Reply To: Discourses by Waharaka Thero Subtitled in English

#48455
Gad
Participant

  •  An excellent speech by the Venerable on the different types of Kamma. I won’t go into detail about it because my understanding of the subject is not developed enough. I’ll leave it to Mr. Lal to explain it in a future essay when he wants. However, here’s what I learned: When we do a positive action, it’s better not to regret it. We’ll receive the effects, but they’ll be destroyed by a Kamma associated with our regret. For example, if someone says, “I shouldn’t have given my wealth to charity, what a waste,” Kamma Vipāka could make them wealthy in a future life, but due to regret, they could become bankrupt. We can see extremely rich people going bankrupt in the news. Most people think that the homeless people we see on the streets have always been homeless. Yet many were socially good or even extremely wealthy people who lost their wealth – proof of Annica and Anatta’s nature. Tomorrow we could lose our possessions and be powerless against this Vipāka.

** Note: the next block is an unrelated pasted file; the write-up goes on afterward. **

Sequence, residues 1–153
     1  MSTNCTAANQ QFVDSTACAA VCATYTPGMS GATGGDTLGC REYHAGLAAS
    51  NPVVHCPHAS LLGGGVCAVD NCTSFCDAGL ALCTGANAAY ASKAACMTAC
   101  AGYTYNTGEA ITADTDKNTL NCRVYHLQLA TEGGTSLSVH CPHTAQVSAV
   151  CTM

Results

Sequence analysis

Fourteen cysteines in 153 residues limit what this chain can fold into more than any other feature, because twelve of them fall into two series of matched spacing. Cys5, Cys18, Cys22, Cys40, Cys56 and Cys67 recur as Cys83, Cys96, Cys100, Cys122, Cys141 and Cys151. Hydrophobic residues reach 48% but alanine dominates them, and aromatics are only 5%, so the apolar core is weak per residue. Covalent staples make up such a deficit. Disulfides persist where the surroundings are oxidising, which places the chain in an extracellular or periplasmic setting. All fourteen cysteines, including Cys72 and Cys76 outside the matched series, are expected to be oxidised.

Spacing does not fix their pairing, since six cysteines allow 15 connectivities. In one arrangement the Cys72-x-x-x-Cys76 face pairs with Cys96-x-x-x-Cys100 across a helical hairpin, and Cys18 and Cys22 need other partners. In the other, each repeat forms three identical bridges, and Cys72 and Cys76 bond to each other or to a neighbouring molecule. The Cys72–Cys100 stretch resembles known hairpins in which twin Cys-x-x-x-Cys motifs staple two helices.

• The same goes for bad actions. Suppose a person had a habit of physically hurting others. If they realize their bad actions and stop them, and also start donating blood, plasma, platelets, and donating to hospitals, etc., they not only realize but also start doing good deeds. The Vipāka of hurting others can take effect in a future life. The person may have a life full of illnesses, go blind, etc. However, they will suddenly be able to get well and lead a happy life because of the good deeds they did by donating. This is why there are cases of people who were diagnosed with incurable illnesses and who were able to recover.
  • We must do actions contrary to our bad actions to at least lessen the impact. For example, if a person steals he must start giving to others. Theft is fueled by Lobha and generosity with positive intention is Alobha. Only by understanding Annica’s nature will we be able to do this very easily.

Example of destructive Bad Kamma.

Example of destructive good Kamma.

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